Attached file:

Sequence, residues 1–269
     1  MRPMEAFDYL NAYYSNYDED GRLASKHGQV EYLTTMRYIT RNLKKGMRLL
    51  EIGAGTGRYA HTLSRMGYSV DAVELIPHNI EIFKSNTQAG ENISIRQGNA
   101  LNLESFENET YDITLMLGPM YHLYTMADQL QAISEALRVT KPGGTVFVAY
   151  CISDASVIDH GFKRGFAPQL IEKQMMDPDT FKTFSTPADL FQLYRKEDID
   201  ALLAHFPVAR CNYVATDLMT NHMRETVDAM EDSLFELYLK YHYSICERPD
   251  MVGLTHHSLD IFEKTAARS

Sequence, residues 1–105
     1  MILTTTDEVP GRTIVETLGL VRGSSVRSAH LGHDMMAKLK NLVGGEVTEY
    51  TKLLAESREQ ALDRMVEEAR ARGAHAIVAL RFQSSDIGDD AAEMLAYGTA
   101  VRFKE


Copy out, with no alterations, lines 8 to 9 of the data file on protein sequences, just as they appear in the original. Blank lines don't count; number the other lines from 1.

Sequence, residues 1–105
     1  MILTTTDEVP GRTIVETLGL VRGSSVRSAH LGHDMMAKLK NLVGGEVTEY